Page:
A Tour to the Amish Village – An Amazing Experience
During the fall of '05, my parents and I decided to go to Philadelphia. We left for Philadelphia on September 25th. We also went to Lancaster, around 78 miles west of Philadelphia. During this trip I learnt about the Amish people, who descended from Europe because they were ruled out of there during the late 1600s. They were Anabaptists. During the Reformation, a lot of them were put to death and a lot of them fled to N. America. Today, most of the Amish people are concentrated among the states of Pennsylvania, Ohio and Indiana as well as in Ontario, Canada.
We had decided to go to Lancaster first to see the farms out there, and then go to Philadelphia. We left at around 8 am. We took I-95 and then I-83 and finally Route 30 to get to Lancaster. When we entered Pennsylvania on I-83 we saw a Welcome Center. We went there. We had brought some food with us. My mom had made some chicken. We ate and my dad brought a map of Pennsylvania from the visitor center. We stayed there for a few minutes after we finished eating. We got back on our way to Lancaster again. There was a city called York on Route 30. It seemed like an industrial area. We saw the Harley Davidson motorcycle factory and a high steel factory on our way. It took almost 2 hours to get there. After we got there we just looked around the city for a while. Then we had a nice lunch at McDonalds. Then we decided to go to see some farms. We saw huge farms out there. We took some pictures and walked around there for a while. My dad had heard about the Amish people through his friends. They lived around that area. We decided to go to see them. We looked on the map; we found a place that was about the Amish along Route 30.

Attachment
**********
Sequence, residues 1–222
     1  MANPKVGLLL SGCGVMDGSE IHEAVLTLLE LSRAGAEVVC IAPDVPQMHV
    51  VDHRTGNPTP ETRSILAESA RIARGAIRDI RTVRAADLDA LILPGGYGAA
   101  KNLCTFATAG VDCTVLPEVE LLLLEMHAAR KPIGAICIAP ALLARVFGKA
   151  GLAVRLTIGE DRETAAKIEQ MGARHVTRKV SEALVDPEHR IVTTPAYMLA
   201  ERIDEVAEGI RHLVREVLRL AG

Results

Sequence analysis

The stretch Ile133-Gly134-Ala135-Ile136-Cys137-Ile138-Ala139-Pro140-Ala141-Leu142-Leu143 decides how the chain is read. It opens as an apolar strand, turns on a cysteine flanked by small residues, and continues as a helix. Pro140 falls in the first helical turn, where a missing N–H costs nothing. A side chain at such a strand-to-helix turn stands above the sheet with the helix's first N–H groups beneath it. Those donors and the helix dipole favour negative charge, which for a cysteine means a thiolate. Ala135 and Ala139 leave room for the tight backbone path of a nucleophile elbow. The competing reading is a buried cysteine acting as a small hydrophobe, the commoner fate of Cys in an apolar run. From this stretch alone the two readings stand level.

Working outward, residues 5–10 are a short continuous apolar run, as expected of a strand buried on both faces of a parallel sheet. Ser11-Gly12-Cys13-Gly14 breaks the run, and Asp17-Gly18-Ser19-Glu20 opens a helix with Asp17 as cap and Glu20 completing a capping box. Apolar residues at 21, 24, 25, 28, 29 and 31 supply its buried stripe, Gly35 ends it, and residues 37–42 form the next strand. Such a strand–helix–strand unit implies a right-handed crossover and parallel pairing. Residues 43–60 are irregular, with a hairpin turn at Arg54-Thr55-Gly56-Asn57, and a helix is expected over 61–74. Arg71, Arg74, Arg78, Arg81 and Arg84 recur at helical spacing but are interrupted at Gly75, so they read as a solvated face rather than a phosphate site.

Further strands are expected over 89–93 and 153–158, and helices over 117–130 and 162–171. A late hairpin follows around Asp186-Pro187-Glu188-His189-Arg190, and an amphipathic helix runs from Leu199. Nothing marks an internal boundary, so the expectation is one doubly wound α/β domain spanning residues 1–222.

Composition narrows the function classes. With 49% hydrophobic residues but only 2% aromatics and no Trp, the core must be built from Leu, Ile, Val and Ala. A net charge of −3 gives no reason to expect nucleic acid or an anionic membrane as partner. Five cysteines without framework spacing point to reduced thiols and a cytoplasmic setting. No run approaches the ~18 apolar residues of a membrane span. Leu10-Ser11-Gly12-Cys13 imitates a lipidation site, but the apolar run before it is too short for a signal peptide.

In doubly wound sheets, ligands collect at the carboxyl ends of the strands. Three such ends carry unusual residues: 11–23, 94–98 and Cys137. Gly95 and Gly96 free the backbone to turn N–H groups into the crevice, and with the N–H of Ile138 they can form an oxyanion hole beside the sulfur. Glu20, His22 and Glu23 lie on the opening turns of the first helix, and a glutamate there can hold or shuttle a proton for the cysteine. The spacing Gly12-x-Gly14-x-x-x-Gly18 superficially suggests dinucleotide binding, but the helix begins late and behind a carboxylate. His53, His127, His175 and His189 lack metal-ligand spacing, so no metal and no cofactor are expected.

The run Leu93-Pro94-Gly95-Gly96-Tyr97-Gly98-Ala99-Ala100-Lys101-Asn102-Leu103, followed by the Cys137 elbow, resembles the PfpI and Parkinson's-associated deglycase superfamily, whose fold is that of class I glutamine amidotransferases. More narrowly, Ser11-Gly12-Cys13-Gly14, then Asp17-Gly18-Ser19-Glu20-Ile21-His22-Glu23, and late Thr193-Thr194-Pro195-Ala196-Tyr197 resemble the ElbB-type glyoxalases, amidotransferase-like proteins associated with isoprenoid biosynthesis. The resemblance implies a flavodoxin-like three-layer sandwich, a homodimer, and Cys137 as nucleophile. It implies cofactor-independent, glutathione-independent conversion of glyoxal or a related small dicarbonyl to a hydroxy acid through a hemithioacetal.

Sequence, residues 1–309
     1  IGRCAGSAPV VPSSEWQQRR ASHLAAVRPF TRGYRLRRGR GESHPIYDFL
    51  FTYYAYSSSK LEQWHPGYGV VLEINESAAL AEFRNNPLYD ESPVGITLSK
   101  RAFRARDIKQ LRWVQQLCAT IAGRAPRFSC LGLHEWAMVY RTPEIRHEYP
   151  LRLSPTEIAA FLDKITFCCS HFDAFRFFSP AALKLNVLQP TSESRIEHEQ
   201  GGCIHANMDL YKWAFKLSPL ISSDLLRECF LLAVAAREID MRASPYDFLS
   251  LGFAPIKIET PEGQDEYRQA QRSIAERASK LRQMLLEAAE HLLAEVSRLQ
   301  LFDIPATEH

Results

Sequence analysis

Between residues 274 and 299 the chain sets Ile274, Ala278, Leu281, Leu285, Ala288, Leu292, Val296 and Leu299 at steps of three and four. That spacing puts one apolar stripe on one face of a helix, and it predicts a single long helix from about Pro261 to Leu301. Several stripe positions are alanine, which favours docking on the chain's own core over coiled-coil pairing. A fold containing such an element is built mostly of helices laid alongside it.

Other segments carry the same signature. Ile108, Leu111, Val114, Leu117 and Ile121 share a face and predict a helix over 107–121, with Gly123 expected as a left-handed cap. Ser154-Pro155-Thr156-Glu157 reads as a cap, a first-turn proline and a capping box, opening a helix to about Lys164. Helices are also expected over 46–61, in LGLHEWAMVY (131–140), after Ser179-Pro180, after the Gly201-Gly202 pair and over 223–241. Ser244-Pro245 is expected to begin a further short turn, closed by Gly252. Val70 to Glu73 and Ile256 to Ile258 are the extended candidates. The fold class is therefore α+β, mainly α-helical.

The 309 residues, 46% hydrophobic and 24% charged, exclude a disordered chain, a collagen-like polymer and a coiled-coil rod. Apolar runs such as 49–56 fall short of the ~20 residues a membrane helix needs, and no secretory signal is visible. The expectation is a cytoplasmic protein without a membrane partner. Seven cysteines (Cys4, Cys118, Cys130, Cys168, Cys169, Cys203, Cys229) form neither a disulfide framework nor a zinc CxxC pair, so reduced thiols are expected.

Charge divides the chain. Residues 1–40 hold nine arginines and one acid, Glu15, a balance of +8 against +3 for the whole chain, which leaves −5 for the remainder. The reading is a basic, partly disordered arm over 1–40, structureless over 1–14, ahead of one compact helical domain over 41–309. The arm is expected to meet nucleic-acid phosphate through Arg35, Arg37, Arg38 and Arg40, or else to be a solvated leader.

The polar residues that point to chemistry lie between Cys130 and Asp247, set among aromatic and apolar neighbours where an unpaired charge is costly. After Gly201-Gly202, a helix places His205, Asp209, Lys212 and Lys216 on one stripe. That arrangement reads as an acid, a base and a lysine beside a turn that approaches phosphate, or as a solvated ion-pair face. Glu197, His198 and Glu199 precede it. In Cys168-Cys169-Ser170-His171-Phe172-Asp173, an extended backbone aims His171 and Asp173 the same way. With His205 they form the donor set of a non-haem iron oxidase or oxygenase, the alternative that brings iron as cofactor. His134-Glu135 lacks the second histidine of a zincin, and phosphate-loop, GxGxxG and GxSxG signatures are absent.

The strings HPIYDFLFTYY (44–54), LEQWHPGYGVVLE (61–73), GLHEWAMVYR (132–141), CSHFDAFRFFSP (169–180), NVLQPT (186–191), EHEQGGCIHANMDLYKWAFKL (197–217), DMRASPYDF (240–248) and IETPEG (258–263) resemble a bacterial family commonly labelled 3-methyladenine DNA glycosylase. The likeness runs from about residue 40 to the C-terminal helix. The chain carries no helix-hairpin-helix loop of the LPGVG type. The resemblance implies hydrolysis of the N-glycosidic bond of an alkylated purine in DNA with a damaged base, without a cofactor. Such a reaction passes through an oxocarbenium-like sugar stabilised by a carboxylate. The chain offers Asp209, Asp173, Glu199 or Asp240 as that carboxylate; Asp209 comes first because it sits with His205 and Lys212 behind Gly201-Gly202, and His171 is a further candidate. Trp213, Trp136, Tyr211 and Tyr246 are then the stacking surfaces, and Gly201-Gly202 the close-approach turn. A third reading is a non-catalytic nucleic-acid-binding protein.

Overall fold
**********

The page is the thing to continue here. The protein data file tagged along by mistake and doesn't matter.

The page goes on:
When we got there, we went to
a place called "Amish Village". It had a model of a
typical Amish house, the barns, and their vehicles which were
like a bogie. One thing that was really interesting was that they
still used the same vehicles, did not use any modern technologies
for farming. They used horses for plowing. The interior in their
houses are old-fashioned too. Most important of all they do not
use electricity. In kitchen they use gasoline to cook. They do
not use microwaves. They have a big dining table. A typical Amish
family has around 8 people. They have washing machines, but they
do not have dryers, so they hang the clothes out in the sun to
dry them. They use gasoline to provide power for ironing the clothes.
Amish men and boys usually wear a long coat and pants and a hat
sometimes. Amish women wear like a long gown with an apron like
cloth on top of it; they also wear a hat on their head.
After that we went to see the Amish people. The owner of the Amish village had told us where we could see them. When we got there it was their farming time. We saw a person farming. He was using a horse to plow and he himself was sitting on a carriage. I was surprised to see that they still used traditional methods of farming. After taking some pictures, we decided to leave for Philadelphia.
It took about an hour and 40 minutes to get to Philadelphia. We first toured the city in our car. We were actually surprised to see that Philadelphia was such a big city. We then went to the Delaware River. We could see the state of New Jersey on the other side of the river. We parked our car and started walking. There was a festival going on out there. It was called the Irish festival. We found a band performing on a stage; lots of people were there. So we went there too. They were singing and playing different kinds of songs and music from all around the globe. We stayed there for a while. We took some pictures along the river. Then we just we hanged out around the city for about an hour. It was around 8 pm already, so we decided to go back. When we reached home it was almost 11 pm.
It was a great experience to see
the Amish people and learn about their culture I was stunned to
see how they have set themselves apart from the rest of the world
and have kind of isolated themselves. This trip was one of the
most interesting trips of my life.
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